Blade consortium backed by IBM, Intel predicts the future

Blade consortium backed by IBM, Intel predicts the future predicts disappearance of separate I/O lanes for data networking, storage traffic and interprocess communications

A blade server industry group founded by IBM and Intel is predicting three key trends that will reshape the data center: network convergence with Ethernet technology; advanced energy efficiency techniques such as water cooling; and "hyper consolidation" involving both virtualization and blade servers., which is hosting a technology symposium in New York Thursday, predicted the disappearance of separate I/O lanes for data networking, storage traffic and interprocess communications. Today each lane requires its own adapters, connectors and wires. Network convergence will end that, says.

"In the future, data centers will converge I/O on Ethernet, running all their traffic on a single 'lane' or wire," says. "This convergence is ideal for blade environments because they are tightly packed together with little room for extra components."

10 Gigabit Ethernet and 40 Gigabit Ethernet will be key to this transition, but some technology enhancements haven't arrived yet, says Doug Balog, chairman of and vice president of development for IBM's blade and modular systems group.

"10 Gigabit kind of becomes the foundation, but there are enhancements to Ethernet that are needed and coming forward as standards through IEEE, that will provide lossless capability through the 10 Gigabit fabric," he says.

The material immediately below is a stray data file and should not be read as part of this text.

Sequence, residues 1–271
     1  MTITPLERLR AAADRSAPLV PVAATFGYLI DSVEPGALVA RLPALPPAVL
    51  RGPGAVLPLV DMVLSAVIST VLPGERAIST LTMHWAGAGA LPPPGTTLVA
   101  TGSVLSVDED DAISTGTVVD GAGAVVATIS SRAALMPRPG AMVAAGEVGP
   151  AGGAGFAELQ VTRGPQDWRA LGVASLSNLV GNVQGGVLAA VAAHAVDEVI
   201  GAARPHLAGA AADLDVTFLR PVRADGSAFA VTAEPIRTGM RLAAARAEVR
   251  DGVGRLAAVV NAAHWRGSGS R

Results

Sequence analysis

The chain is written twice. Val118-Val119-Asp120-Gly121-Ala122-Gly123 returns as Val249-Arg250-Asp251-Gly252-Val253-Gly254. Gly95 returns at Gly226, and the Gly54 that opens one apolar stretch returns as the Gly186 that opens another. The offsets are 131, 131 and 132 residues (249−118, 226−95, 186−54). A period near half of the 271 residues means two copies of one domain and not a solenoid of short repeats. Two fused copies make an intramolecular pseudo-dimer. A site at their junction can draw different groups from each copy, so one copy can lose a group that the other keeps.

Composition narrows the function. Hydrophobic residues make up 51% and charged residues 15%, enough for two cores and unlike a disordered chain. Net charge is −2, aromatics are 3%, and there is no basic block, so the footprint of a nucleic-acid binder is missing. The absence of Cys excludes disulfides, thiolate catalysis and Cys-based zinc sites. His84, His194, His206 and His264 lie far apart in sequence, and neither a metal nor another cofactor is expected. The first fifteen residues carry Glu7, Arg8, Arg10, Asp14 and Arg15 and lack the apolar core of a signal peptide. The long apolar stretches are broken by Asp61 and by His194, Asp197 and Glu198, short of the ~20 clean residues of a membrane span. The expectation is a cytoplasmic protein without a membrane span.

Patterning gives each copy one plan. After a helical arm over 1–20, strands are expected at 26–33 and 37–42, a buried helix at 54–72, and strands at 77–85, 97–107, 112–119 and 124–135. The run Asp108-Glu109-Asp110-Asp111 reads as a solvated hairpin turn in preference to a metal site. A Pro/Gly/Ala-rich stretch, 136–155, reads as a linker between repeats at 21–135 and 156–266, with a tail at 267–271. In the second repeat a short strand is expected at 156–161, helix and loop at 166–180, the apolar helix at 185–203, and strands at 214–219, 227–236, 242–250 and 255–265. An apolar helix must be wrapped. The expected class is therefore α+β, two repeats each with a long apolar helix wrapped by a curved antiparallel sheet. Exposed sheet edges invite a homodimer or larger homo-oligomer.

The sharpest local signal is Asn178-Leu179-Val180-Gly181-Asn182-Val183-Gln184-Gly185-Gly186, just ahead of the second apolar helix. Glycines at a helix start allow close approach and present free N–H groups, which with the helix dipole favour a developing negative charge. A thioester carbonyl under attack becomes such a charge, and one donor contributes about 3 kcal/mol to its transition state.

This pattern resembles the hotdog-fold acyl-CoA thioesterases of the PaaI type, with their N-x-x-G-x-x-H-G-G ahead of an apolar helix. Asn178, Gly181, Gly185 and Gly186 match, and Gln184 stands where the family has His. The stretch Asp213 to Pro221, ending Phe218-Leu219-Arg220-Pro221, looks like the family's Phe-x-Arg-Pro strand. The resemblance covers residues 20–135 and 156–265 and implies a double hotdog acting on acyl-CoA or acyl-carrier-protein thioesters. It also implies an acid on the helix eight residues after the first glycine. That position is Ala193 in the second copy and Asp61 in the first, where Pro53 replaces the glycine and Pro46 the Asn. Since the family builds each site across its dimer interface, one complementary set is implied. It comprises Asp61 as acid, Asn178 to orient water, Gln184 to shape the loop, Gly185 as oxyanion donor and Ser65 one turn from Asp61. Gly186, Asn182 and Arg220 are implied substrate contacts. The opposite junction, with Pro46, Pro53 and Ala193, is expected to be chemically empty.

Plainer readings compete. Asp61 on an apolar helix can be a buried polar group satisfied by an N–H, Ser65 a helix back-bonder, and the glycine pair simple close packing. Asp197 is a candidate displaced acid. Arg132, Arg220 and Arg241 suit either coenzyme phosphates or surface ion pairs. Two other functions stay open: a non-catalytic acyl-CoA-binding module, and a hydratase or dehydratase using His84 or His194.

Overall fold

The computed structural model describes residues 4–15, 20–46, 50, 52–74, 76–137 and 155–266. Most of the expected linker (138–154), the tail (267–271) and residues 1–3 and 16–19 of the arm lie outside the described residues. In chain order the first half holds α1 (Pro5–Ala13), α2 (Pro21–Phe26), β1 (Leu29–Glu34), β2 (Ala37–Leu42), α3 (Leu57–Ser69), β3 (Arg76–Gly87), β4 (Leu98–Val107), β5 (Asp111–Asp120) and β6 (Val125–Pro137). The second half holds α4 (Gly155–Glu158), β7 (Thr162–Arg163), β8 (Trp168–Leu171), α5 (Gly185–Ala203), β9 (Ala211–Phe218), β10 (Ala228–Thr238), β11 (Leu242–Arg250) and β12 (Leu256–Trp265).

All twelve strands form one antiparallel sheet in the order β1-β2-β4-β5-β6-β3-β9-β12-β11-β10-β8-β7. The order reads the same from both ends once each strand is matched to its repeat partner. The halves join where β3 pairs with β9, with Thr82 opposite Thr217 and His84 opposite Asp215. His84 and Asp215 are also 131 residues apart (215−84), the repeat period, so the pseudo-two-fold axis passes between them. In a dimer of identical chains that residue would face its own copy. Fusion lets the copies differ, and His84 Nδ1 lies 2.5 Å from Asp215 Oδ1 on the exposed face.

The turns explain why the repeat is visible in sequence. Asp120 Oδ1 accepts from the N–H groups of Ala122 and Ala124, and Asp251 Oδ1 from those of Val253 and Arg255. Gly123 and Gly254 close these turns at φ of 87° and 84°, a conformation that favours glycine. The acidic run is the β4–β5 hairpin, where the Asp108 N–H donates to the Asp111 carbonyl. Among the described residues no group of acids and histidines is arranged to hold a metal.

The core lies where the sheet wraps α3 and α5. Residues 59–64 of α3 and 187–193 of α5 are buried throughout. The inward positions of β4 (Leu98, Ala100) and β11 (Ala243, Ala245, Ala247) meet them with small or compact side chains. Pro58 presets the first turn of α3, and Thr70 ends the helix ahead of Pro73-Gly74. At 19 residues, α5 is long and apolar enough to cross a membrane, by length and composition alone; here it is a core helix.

IBM and Intel started in 2006 and have attracted about 200 members including APC, Brocade, NetApp, VMware, QLogic, Citrix, HBC and Wyse Technology. The member list is also notable for some large industry players that aren't named, such as IBM rival HP, and Intel's rival AMD.

The board of directors came up with its "mega trends" list to provide insight to the industry and spur discussion on technology trends that could have major impacts on the data center in coming years.

The second trend, energy efficiency, is not a surprise inclusion on the list given recent industry focus on containing power and cooling costs. But the challenge of improving efficiency has caught some customers off guard over the last few years, and blade servers are both part of the problem and part of the solution, according to Balog.

"Blade servers are part of the solution because they are much more energy efficient than a rack full of 1U servers," he says. "But at the same time, because of the ability to provide a high-density offering within a smaller area, they're consuming more energy in a smaller space."

By freeing up space, blade servers tempt data center managers to fill up their rooms with even more servers. "Blades are becoming part of the answer to a customer's data center challenges, but it has to be done in a thoughtful way so they're not creating their next set of problems," Balog says.

IBM has hyped the benefits of water cooling, and cites statistics from Gartner predicting that 70% of data centers will use water cooling within three years. But a variety of approaches will be needed to solve the energy woes of data centers.

"This [problem] is one that cannot be ignored," Balog says. "I think water cooling provides part of the answer. I wouldn't say we're looking at it as the only answer."

The third big trend is hyper consolidation, driven by server virtualization and a predicted move toward "consolidating servers, workstations and network devices into an integrated blade environment."

Blades and virtualization are both becoming more popular, and complement each other well, says.

"Blades in the data center will evolve to a hyper-consolidated model through virtual appliances in which all discrete servers, firewalls and other network devices will be consolidated into the blade chassis," VMware chief platform architect Richard Brunner says in a press release.

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